Women empowerment in Afghanistan: A distant dream | ByAli Haider Saleem


Women empowerment in Afghanistan: A distant dream

FOLLOWING the takeover of Kabul, the Taliban have been busy in redirecting the path of social progress in the country.

Their strict interpretation of Islamic laws and traditions has affected the prospects of millions of Afghan women in the country.

Under the new government, the opportunities for attaining quality education and earning livelihoods are limited.

With the Taliban rulers struggling to secure financial resources to run the affairs of the state, it seems likely that empowerment of women will be neglected or deliberately curtailed.

The difficulties faced by women in the country right now however cannot be entirely blamed on the present regime.

The US backed governments in the past also failed to deliver the right opportunities and environment to help them overcome the societal shackles.

The Afghanistan Living Conditions Survey 2016/2017 shows that gender gap in school attendance starts widening after the adolescence stage.

This is mainly because girls faced more barriers as they grew older. The survey also shows that male students outnumbered female students by more than three times at the tertiary level.

During their rule, the US backed governments failed to control poverty and provide economic opportunities to uplift the Afghan population.

In one of its reports, the United States Institute of Peace pointed towards the lack of capacity of Afghan officials to properly deploy the assistance provided to the country.

Moreover, the donors started bypassing the Afghan officials as they grew frustrated with the lack of results and rampant corruption in the country.

Unsurprisingly, the number of people living below the poverty line continued to rise during the so-called nation building era.

For the women, corruption turned out to have more severe consequences because the people entrusted by the international community to provide relief and opportunities to Afghan women had struck deals with highly conservative warlords for political gains.

Lack of opportunities, corruption and negligence paved the way for the Taliban to recruit more and more youth and the organization grew stronger with time.

As the US exit became certain, fears grew over the treatment of women under the Taliban regime once it took over.

In the lead up to their takeover of Kabul, the Taliban representatives gave indication that the new era of Taliban rule in the country would be less conservative than the previous one and girls would be allowed to attain education.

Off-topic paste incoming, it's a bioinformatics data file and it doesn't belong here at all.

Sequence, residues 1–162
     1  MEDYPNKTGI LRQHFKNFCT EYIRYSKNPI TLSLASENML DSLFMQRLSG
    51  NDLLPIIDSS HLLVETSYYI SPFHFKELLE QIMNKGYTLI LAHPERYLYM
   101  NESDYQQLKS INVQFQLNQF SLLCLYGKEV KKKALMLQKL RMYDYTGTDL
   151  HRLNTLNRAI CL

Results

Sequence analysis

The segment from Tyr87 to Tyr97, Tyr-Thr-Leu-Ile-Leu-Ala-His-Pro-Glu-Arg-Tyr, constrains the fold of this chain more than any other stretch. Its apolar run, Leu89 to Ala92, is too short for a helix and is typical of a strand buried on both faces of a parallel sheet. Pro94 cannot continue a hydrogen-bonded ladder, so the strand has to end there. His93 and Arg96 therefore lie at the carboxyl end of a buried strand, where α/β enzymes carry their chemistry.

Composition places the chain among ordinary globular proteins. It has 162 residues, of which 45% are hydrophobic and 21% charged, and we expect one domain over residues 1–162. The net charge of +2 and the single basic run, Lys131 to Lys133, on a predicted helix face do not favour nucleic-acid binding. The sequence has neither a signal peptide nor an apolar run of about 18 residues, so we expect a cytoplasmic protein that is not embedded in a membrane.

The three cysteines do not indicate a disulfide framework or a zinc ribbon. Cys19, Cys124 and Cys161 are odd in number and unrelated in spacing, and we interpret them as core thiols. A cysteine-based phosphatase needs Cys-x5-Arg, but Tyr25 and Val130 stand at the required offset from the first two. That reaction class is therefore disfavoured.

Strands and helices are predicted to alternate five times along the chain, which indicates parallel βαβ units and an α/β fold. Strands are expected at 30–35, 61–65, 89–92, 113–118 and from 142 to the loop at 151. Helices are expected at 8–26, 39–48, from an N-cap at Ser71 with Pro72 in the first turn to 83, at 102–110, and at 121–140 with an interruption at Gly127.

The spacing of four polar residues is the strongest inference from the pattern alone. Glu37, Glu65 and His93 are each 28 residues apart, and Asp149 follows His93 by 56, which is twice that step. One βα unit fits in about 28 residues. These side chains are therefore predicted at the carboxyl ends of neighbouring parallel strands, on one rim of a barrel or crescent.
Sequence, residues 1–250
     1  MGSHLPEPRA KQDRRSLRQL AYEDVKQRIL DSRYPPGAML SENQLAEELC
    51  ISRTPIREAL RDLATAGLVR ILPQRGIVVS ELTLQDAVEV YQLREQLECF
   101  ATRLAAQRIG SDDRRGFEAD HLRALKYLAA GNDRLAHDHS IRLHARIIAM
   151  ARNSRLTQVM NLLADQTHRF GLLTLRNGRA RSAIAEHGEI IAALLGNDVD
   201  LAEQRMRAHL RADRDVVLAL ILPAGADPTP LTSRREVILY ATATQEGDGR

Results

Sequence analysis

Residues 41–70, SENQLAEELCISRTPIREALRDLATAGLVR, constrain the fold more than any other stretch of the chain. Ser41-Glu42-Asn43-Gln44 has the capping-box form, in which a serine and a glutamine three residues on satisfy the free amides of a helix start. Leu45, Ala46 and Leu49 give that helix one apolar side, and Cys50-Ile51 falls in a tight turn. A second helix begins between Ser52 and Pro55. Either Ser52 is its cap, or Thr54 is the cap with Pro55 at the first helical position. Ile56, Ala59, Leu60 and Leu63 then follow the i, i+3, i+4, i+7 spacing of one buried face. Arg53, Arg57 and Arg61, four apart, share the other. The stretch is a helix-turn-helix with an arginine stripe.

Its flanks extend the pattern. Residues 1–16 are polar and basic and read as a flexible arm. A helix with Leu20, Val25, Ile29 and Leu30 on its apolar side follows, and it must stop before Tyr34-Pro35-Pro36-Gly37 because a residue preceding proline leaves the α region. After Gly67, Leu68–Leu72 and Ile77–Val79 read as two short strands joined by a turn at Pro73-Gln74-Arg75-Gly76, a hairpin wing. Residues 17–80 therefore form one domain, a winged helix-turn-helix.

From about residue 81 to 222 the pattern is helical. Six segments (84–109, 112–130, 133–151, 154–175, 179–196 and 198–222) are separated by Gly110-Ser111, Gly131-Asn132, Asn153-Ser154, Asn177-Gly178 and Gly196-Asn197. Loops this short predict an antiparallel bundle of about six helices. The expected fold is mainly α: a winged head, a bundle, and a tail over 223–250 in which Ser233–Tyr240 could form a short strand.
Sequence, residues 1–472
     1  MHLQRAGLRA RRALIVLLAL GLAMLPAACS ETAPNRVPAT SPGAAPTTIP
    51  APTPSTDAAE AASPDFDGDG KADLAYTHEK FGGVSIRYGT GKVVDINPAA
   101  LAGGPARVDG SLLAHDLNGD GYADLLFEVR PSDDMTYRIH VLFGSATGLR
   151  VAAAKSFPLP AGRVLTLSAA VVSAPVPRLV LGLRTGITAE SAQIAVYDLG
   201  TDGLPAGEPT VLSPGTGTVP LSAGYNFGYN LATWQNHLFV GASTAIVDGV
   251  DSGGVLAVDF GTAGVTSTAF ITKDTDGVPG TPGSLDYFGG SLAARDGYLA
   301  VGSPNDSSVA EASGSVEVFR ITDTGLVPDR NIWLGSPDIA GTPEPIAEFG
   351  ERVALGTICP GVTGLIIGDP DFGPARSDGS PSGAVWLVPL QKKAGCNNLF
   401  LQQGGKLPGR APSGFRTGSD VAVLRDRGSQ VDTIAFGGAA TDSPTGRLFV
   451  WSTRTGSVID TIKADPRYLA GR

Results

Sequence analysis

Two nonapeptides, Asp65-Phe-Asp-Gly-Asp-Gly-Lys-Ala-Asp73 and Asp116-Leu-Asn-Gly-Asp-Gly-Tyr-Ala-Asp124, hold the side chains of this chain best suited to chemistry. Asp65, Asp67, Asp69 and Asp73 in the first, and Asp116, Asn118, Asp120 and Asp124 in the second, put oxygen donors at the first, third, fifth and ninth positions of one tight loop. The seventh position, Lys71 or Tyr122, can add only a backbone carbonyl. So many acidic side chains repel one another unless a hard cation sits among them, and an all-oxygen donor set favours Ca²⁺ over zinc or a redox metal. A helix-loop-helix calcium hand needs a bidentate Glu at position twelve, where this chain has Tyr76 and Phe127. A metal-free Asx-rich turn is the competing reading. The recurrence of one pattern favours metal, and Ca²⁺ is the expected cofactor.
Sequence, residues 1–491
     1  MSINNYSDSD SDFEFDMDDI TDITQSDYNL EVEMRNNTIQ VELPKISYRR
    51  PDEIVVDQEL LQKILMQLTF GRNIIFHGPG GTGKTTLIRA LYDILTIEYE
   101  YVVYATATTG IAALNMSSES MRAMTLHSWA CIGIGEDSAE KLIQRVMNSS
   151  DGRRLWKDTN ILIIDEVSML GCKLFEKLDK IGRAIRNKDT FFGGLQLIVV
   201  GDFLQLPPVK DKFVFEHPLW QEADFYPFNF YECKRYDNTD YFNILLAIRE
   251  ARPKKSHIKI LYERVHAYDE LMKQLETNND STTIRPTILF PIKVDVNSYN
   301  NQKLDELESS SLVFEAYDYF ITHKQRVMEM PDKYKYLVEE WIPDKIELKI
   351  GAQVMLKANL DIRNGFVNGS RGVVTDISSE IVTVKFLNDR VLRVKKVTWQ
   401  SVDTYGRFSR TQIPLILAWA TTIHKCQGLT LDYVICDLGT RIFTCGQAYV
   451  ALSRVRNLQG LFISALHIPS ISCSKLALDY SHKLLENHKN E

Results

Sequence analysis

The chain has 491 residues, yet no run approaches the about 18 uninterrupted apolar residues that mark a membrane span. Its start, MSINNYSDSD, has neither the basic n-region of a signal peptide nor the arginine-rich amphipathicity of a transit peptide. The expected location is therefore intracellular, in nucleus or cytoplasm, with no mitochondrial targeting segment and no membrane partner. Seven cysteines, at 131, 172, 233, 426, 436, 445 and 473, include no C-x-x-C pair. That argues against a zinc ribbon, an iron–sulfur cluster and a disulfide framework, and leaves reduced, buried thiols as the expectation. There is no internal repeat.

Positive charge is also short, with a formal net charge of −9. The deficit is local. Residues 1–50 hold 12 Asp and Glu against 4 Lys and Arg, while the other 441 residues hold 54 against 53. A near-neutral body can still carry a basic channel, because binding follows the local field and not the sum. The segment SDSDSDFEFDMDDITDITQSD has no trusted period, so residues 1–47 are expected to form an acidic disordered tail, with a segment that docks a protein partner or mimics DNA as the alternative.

Unfortunately and perhaps not to the surprise of many, the Taliban government has backtracked on its promise and has so far not allowed girls in senior grades to return back to school.

According to the government, these schools would remain shut until they finalize a plan according to Islamic laws and principles.

Similarly, working women or those who are eligible for work have not found it easy under the present government.

Decreases in funding and government support along with growing restrictions have severely impacted women’s economic and social wellbeing prospects.

According to the International Labour Organization, there was a drop of 16 per cent in women’s employment in Afghanistan during the third quarter of 2021.

Over the years, Afghan women have proven their talents at world stage but the imminent takeover of Taliban pushed many of them to flee the country including the members of famed Afghan Girls Robotics Team which became to be known as “Afghan dreamers”.

Despite limited resources, their efforts received global plaudits and they went on to represent Afghanistan in international competitions.

Commenting on their achievements, a United Nations Children’s Fund representative stated that “these girls shone a spotlight on the importance of girls’ education and they put Afghanistan on the global stage for all the right reasons.

” Those members who managed to escape are continuing their impressive journey but remain anxious about their remaining team members and all the girls in Afghanistan.

Expressing her concerns, one of the team members stated that “it’s not clear if they can continue their education or not, or whether they can pursue their dreams or not.

How will their future be? Everything is uncertain.” Indeed, the present situation and the Taliban regime’s stance provide little hope of a bright future for Afghani women.

Despite overcoming several challenges and standing firm against oppression for several years, they still await their rewards.

Since the regime change, the international community has not been able to do much for the women in the country while many of the projects have stalled.

The economic crisis faced by the country is also having its toll on women and children in the country.

Marginalizing women and denying them the opportunity to play their role in the economic and social development of the country would only increase economic challenges and ultimately weaken the standing of the Taliban regime.

One thing the Taliban regime cannot break down is the spirit of the Afghani women who are determined to lead a better life.

The sooner they realize and accept that women empowerment is endorsed by Islam, the better it would be for the present and future generations of the country.

—The author is a researcher based in Islamabad.

He holds a Master’s degree in Public Policy from Queen Mary University of London.


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